Thin blue highway hugging the soft edge of night,
along this strange western town burning
with apricot light
like a necklace laid across a swell
of grass, over some vast New Mexican plain,
it fills me with a yearning
I’ve never quite been able to quell,
“Rat-eyed” Virginia Woolf described Somerset Maugham as.
“No man ever put more of his heart and soul into the written word,” said Eudora Welty of William Faulkner.
“Curiously dull, furiously commonplace, and often meaningless,” Alfred Kazin said of William Faulkner.
“Hemingway never climbed out on a limb and never used a word where the reader might check his usage by a dictionary,” William Faulkner said of Ernest Hemingway.
In response to which Ernest Hemingway:
“Does Faulkner really think big emotions come from big words?”
“Dostoievsky’s profound, criminal, saintly face,” observed Thomas Mann, nicely.
This is a short video I once made of my transcribing an obscure but beautiful passage written by an almost forgotten poet named Arthur Symons (1865–1945), in his poem “Rain On The Down.”
Rain On The Down
Night, and the down by the sea,
And the veil of rain on the down.
And she came through the mist and the rain to me
From the safe warm lights of the town.
The rain shone in her hair
And her face gleamed in the rain. …
The word theme comes from the Ancient Greek word théma, which means “proposition or thesis,” and this definition essentially holds true to this very day: theme is thesis; theme is meaning.
In literature, theme is the meaning to which the lines of a poem or the events of a story add up. For instance, the theme of the Dostoevsky novel which translators now term Demons (but formerly The Possessed) is this: the way in which philosophical ideas shape human action.
The theme of Kurt Vonnegut’s short story “Harrison Bergeron” is the injustice (and absurdity) of forced equality.
The theme of…
The art of characterization is the art of presenting the people who populate your story.
If plot is the bones upon which the meat of your story hangs, then surely characters are the heart and soul.
“A writer creates a character as a way to reveal and emphasize consciousness — to extend the pitch of human possibility,” as the novelist Don Delillo so perfectly put it, to which I add this:
Characterization is ultimately a depiction of motive.
Just as in real life we better comprehend a person when we comprehend the motive behind what makes that person act in…
Plot is not memoir.
Plot is not diary.
Plot is not journal.
Plot is not history.
Plot is not dialogue.
Plot is not essay.
Plot is not philosophy.
Plot is not sex.
Plot is not chronicle.
Plot is not action alone.
Plot is something deeper and more difficult to get inside the heart of: it’s a progressive and purposeful sequence of events. It’s also the method by which a writer presents her fictional story. In a well-plotted story, the chain of events all connect logically, in a cause-and-effect manner, and then they culminate in a goal or climax.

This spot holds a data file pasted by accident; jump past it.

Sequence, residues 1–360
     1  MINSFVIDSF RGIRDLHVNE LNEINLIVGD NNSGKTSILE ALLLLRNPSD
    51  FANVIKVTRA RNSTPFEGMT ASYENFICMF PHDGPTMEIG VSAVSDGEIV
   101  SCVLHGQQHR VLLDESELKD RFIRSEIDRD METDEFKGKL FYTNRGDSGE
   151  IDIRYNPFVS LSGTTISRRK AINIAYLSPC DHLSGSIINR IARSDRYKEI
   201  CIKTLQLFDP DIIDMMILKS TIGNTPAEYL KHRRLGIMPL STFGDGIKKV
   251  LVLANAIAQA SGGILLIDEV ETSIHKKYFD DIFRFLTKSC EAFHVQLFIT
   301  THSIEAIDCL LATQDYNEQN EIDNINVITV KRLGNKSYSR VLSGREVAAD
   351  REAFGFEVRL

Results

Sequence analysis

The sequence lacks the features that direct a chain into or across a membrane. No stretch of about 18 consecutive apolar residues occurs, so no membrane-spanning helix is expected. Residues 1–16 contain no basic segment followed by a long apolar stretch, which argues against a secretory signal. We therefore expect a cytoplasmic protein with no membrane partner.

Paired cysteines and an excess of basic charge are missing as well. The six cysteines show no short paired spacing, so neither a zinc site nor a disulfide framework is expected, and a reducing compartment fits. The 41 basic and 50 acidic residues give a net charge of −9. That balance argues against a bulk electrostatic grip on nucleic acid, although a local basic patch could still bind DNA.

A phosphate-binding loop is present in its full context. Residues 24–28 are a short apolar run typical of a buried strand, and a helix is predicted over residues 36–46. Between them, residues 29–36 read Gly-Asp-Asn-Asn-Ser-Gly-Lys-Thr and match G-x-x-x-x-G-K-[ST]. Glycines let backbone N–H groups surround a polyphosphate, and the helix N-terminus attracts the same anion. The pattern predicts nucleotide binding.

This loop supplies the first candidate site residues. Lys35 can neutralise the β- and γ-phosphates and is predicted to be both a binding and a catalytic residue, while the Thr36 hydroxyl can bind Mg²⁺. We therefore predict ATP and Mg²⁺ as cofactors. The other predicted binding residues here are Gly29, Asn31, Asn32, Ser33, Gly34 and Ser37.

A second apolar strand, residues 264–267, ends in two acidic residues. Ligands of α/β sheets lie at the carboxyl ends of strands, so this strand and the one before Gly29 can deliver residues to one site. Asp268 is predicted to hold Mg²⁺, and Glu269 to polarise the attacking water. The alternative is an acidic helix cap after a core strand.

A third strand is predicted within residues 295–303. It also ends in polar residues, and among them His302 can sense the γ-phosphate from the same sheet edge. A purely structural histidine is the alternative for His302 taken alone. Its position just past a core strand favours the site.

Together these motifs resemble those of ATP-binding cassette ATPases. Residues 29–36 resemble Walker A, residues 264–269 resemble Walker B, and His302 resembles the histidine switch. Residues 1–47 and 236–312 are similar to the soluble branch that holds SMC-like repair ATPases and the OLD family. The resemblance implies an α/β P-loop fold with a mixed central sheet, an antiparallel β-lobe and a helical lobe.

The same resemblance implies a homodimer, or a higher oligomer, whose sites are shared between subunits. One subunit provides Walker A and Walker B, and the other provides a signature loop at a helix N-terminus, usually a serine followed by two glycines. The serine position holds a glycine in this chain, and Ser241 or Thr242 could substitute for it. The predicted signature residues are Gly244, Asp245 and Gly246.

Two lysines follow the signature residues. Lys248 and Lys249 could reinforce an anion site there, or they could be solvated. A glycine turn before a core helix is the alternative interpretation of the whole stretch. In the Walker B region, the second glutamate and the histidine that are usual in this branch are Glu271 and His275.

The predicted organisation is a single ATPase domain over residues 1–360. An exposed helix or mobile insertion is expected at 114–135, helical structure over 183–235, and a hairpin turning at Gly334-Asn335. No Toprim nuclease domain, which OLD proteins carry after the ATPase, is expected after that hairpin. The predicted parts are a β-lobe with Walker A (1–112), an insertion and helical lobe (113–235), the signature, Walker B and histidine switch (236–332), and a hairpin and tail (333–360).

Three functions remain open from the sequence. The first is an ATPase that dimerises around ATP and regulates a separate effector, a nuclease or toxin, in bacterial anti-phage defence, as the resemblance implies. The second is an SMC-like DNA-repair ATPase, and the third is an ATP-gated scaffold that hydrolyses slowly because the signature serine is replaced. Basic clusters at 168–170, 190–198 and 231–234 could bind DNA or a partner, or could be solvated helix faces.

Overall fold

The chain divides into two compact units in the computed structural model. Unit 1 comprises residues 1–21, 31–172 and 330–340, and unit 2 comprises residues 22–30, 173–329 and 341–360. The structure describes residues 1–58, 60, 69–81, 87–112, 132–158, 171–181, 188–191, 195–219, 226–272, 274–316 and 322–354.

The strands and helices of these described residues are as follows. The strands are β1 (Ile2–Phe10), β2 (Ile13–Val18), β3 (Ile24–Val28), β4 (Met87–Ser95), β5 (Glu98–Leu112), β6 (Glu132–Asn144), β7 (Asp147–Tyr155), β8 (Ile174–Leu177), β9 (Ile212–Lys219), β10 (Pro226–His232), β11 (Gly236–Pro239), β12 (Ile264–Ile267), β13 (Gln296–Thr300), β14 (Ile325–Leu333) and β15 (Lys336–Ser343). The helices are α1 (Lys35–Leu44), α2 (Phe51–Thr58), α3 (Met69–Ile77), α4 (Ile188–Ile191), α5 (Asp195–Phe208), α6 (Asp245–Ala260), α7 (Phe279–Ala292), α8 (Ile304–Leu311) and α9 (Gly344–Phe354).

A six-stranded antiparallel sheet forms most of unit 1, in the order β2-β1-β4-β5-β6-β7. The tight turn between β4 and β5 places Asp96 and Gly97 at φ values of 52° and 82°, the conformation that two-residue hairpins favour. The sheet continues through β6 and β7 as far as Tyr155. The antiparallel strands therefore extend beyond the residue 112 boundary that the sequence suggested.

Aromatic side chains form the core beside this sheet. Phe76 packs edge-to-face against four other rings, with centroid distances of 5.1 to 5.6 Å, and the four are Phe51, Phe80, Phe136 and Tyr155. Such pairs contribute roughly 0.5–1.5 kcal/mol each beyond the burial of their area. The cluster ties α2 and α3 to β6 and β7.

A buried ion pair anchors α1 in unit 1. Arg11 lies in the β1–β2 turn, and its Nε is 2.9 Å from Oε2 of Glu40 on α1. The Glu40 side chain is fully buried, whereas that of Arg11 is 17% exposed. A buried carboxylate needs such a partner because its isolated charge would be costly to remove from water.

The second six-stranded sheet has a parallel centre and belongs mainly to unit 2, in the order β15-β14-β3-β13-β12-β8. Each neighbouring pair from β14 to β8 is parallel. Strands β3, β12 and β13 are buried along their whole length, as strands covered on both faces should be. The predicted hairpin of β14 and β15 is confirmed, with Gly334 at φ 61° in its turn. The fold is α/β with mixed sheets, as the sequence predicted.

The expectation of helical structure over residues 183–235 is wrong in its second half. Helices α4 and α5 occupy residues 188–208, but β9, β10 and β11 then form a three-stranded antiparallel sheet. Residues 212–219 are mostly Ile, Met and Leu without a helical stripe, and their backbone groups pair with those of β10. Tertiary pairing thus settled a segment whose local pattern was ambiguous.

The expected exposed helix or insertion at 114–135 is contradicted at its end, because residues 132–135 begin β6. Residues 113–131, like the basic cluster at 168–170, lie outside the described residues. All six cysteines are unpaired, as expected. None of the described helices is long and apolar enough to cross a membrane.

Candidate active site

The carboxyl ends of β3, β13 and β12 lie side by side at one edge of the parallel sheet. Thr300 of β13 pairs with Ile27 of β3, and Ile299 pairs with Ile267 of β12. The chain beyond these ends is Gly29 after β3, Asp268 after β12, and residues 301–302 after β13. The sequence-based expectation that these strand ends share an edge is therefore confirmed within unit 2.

Edna St. Vincent Millay (1892–1950) — nom-de-guerre Nancy Boyd — American poetess and playwright, who at thirty-years-young won the Pulitzer Prize for Poetry (then only the third woman ever to do so), was, at age nineteen, catapulted into worldwide fame after her mother Cora encouraged her to enter a poem Edna had written — called “Renascence” — into a contest held by the magazine Lyric Year.
“Renascence” ultimately won fourth place in the contest, but her poem was widely considered the best submission so that upon being awarded fourth place, a certain scandal ensued — a scandal which thereby launched…
The difference between popular fiction and literary fiction is subtle yet unmistakable.
The criteria is graded — think of it as running along a kind of continuum or spectrum — so that a book or movie can have elements of both literary fiction and also elements of commercial-genre fiction at the same time. But there is a distinction.
It is not the case that plotting is the determining characteristic. In fact, some of the best plots in all the world’s literature are to be found in literary fiction — I’m thinking specifically of Les Miserables, Ninety-Three, and especially The Possessed…
“Life is an unceasing sequence of single actions,” wrote Ludwig von Mises, “but the single action is by no means isolated.”
So, in many ways, is plot.
But, unlike life, plot is selective — which means among other things that the author is the selector: the author chooses the actions her or his characters undertake.
This, incidentally, is one of the primary ways in which fiction differs from journalism or chronicle, and it’s why “the pressure to record,” as the excellent poet Thom Gunn once described it, is not — contrary to what you may have heard — the primary…
Nothing is so beautiful as Spring –
When weeds, in wheels, shoot long and lovely and lush;
Thrush’s eggs look little low heavens, and thrush
Through the echoing timber does so rinse and wring
The ear, it strikes like lightnings to hear him sing;
The glassy peartree leaves and blooms, they brush
The descending blue; that blue is all in a rush
With richness; the racing lambs too have fair their fling.
What is all this juice and all this joy?
A strain of the earth’s sweet being in the beginning
In Eden garden. — Have, get, before it cloy,